THE LITTLE BOOK OF CANNABIS
A little book that delivers big information! Written by freelance writer and journalist Amanda Siebert and chock-full of case studies from Vancouverites. Give the gift of knowledge and insight this holiday.
from page 14
He said that e-commerce really thrives in heavily congested urban environments, such as Seoul or Tokyo, where it’s difficult to reach desired shopping destinations. That’s not such a problem in Canada.
“We’re kind of in an ideal place for physical retail,” Gray said. “As much as we complain about traffic in Vancouver, it’s not bad.…we’re in proximity to most things we want.”
But if the public takes a greater interest in the impact that e-commerce is having on the vibrancy of local communities, there could be a backlash against the e-commerce giants. Already in the Queens borough of New York City, there is growing outrage over Amazon’s placement of its second headquarters there. That’s because of fears it will gentrify the neighbourhood and drive up housing costs.
In the 2015 book Saving Capitalism: For the Many, Not the Few, U.S. political economist Robert Reich noted that as platforms like Amazon are able to collect more data about consumers, they’re better equipped to stifle innovations from potential competitors. That’s why he’s argued for strengthening competition laws and busting up large tech companies that consolidate too much control over certain sectors—in effect, to save capitalism from the excesses of the modern monopolists.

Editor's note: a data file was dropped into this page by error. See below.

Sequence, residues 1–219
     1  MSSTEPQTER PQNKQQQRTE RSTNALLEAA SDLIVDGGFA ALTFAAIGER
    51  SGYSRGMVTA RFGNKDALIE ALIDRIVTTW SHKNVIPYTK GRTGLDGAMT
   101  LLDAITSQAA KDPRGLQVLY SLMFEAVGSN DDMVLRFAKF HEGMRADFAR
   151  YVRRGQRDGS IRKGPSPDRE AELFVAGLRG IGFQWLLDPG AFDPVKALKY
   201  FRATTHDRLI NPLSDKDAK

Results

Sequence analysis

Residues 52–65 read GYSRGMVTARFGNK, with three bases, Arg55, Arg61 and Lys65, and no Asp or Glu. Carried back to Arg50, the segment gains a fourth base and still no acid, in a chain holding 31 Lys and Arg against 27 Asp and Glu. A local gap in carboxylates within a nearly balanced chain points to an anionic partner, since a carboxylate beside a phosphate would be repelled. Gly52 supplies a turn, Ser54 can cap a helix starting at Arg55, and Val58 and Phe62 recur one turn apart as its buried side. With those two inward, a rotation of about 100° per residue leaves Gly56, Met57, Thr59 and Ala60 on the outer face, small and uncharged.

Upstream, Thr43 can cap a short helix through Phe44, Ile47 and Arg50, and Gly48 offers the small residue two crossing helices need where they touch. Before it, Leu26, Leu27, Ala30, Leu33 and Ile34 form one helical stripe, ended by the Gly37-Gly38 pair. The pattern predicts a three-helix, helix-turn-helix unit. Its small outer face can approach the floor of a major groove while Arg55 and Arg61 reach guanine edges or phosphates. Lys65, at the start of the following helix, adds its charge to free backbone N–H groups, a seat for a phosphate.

It’s something anticipated by author Stone in The Everything Store, which was released in 2013.
“Will antitrust authorities eventually come to scrutinize Amazon and its market power?” Stone asked in his book. “Yes, I believe that is likely, because the company is growing increasingly monolithic in markets like books and electronics, and rivals have fallen by the wayside.
“But as we have seen with the disputes over sales tax and e-book pricing, Amazon is a masterly navigator of the law and is careful to stay on the right side of it. Like Google, it benefits from the example of Microsoft’s antitrust debacle in the 1990s, which provided a powerful object lesson of how aggressive monopolistic behavior can nearly ruin a company.”
Another lesson for Amazon: investments in government relations can pay dividends. In 2013, the corporation spent almost $3.5 million on lobbying in the United States, according to Reich’s book. As the Straight went to the printer, Amazon had four active lobbyists listed in the B.C. lobbyists registry and another 12 listed in the federal lobbyists registry.
Back at Sikora’s Classical Music, Ed Savenye said that if online shopping keeps growing, it will contribute to a growing compartmentalization of society, fewer social interactions, and more isolation. He emphasized that it goes beyond the stereotypical image of someone in their T-shirt and underwear pointing and clicking while lounging on the couch and extends to seniors living alone, who sometimes visit stores to interact with others.
“I’m not walking away from customers,” Savenye insisted when discussing the looming closure of his store. “I’m walking away from friends that I’ve known for 10 or 15 years. I am probably closer to many of these customers than I am to some of my own distant-branch family members. It’s sad.”